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  • Writer's pictureElizabeth Leon

What I Have Learned About Forgiveness

Learning to forgive my first husband for the many ways he hurt me and our children was a journey like none I could have imagined. "May we never risk the life of our souls by being resentful or by bearing grudges." – St. Gregory of Nyssa.

Mommy and Clare at her 3rd birthday party

It was my youngest daughter’s 3rd birthday when I first heard the news that would rock my world to the core. After unloading groceries for her upcoming party, I took a break to sit and scroll through my phone. I was unprepared for what I would find -- an anonymous Facebook message from someone claiming to be a co-worker of my first husband, implicating him in an affair. This “friend” had concrete knowledge of his infidelity and could not sit around any longer knowing he was lying to me and hurting our family. He encouraged me to hire a private investigator to know the truth for myself.

By this time, I was standing in the driveway, having moved outside to hide my overflowing emotion from my children. It was one of those surreal life moments where time freezes. I felt the heat of the blacktop under my feet. The sky was blue and innocent. The August air thick on my skin. WHAT????? Disbelief, panic, and fear surged through me. My mind raced a million miles an hour and yet time seemed to stop. In an odd way, I was relieved. I had been living through hell for the last 7 months after my husband told me he wasn’t sure he loved me and was slowly and agonizingly pulling away from me and our family. Nothing made sense about what he said or did or the reasons he gave for these changes. But adultery? As horrifying as it was, it was something tangible. A REASON. And it gave me something to DO. I could confront him. He would be repentant and distraught. I would forgive. There was hope.

I already had plans to take the children by myself to my father’s house at the shore that weekend. My husband was barely around at this point, so there was no issue of trying to hide this new knowledge from him for long. I put on my strongest, bravest face for our daughter’s party and left with the kids the next day.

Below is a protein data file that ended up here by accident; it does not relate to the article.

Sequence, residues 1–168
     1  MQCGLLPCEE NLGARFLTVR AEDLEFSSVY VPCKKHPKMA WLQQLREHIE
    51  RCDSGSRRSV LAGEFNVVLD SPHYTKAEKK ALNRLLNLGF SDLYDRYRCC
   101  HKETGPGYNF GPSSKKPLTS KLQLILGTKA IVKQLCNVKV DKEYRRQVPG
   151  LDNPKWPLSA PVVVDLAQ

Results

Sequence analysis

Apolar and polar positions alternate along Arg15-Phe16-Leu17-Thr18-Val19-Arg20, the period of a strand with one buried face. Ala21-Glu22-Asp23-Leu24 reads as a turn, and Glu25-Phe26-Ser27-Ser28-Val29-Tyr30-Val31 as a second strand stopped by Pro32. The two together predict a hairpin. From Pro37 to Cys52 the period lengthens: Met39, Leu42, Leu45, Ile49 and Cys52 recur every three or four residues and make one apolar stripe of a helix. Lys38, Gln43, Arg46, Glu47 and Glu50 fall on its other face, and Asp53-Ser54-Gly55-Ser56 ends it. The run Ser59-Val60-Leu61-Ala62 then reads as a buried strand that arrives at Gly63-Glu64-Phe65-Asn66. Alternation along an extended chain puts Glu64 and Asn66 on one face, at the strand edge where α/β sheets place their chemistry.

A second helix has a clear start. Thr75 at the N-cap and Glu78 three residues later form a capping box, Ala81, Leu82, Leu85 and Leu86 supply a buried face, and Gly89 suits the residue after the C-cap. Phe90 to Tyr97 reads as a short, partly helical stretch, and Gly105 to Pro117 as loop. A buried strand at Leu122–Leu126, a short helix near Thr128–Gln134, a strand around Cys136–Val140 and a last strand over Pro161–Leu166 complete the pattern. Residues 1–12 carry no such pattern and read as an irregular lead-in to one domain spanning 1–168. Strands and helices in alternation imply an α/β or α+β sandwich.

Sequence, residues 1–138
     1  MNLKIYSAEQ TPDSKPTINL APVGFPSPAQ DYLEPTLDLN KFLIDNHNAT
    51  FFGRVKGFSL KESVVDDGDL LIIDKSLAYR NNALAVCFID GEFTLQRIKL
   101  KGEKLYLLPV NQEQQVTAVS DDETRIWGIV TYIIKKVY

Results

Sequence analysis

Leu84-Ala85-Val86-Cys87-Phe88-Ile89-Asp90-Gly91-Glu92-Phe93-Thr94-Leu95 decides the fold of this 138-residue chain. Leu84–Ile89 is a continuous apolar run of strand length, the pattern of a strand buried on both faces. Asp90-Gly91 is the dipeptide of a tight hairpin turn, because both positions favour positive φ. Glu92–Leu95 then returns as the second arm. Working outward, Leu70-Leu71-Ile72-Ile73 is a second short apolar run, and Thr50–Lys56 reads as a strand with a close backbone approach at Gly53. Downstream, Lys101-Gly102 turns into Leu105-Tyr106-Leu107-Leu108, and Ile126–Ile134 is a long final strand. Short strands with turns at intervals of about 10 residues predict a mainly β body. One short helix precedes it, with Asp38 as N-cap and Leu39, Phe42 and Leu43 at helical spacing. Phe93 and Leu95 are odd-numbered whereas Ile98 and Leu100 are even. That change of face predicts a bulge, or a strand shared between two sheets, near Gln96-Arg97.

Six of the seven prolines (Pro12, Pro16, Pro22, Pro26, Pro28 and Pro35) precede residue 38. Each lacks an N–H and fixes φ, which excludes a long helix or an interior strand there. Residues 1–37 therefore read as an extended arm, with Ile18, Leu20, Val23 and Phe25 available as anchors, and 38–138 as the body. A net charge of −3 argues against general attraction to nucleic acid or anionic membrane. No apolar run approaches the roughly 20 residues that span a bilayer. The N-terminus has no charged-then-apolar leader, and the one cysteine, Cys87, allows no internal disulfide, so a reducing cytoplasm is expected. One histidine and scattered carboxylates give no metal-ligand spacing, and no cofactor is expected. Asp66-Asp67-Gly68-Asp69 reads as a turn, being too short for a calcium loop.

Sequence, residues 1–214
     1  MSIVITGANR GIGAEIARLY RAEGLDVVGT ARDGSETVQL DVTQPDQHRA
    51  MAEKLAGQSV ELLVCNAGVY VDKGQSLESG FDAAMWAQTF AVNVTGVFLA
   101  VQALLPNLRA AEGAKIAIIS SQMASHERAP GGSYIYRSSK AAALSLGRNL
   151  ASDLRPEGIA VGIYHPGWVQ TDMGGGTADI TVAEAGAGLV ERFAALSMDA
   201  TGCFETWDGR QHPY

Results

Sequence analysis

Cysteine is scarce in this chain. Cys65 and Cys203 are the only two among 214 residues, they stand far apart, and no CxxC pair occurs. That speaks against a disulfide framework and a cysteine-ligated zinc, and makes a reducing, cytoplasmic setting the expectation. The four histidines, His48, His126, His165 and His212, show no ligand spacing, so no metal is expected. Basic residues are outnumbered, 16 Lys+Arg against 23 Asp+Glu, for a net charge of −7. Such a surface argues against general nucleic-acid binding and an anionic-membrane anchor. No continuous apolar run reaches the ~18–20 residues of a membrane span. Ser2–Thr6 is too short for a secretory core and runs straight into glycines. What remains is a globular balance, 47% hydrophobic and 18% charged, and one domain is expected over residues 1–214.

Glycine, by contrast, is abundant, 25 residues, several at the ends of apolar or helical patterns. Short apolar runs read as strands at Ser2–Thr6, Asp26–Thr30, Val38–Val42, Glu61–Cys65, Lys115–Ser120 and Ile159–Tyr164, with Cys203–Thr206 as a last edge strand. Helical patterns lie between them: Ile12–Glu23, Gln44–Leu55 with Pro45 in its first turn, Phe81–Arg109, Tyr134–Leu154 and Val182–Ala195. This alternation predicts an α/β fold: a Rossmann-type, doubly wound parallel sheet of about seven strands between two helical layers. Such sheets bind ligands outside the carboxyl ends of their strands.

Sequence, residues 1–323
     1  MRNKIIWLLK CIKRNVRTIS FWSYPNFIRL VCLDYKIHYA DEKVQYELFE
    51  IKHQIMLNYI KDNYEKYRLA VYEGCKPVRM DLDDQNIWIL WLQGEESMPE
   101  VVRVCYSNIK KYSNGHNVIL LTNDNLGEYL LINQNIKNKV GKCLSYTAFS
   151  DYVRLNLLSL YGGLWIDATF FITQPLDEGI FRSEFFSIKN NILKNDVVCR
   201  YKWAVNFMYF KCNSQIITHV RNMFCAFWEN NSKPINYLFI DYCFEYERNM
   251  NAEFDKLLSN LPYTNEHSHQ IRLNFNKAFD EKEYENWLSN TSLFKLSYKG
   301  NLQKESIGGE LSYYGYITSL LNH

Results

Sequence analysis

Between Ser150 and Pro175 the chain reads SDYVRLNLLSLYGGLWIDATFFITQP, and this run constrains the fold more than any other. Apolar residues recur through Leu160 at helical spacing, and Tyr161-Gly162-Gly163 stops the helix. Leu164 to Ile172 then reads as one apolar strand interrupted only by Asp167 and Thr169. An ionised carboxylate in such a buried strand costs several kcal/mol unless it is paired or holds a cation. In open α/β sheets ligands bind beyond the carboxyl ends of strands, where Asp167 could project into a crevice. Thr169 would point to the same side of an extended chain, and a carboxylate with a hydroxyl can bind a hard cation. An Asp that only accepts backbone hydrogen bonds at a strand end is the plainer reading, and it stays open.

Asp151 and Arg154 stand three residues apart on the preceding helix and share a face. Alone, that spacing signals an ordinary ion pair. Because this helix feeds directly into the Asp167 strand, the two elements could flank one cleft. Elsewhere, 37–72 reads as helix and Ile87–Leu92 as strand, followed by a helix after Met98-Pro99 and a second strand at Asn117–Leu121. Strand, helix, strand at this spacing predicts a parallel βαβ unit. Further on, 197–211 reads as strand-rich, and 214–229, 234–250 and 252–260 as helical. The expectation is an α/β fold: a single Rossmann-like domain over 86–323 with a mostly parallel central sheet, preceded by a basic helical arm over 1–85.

My thoughts in my journal as I processed these revelations were full of purpose and focus. My job, my vow, my CHOICE is to love my husband. To love him as Christ loves him. To see him as Christ sees him. To give until it hurts. I just need to love. When I am scared, love. When it hurts, love. Holy Spirit, how do I love him when he no longer wants my love? What do I do??? Help me to do your will and to suffer well. I feel this churlish desire to go back in time and tell that younger me that she has no idea what she is in for.

There was an extraordinary miracle from that weekend away that gave me direction in how to make my way through the nightmare that was my life. Sunday morning before we left to return home, the kids and I went to mass with my Dad and his wife. I was very emotional and had trouble keeping it together at church. After the gospel, the priest picked up his homily and then paused and put it down. He looked out over the congregation and he said the following words:

If you are here, and you are struggling and you are in pain and you don’t know what to do, the Lord wants you to just Keep. On. Loving. God will deal with adulterers in His own judgement.

Then he picked up his homily and began to speak about the gospel. I was frozen, those words burning into my heart. Did I really just hear that? Did he really just say that? I was not alone!! The Lord DID see me. He DID see my misery and sorrow as Psalm 10 says. The Lord IS close to the broken-hearted. God already KNEW! He knew the pain I was in. He was with me. I had always known the truth of God’s presence in my head, but those words were a MIRACLE -- God’s voice straight into my devastated heart and soul for what He wanted me to do. For how I was supposed to face this. Keep trying to love. Let God be the judge.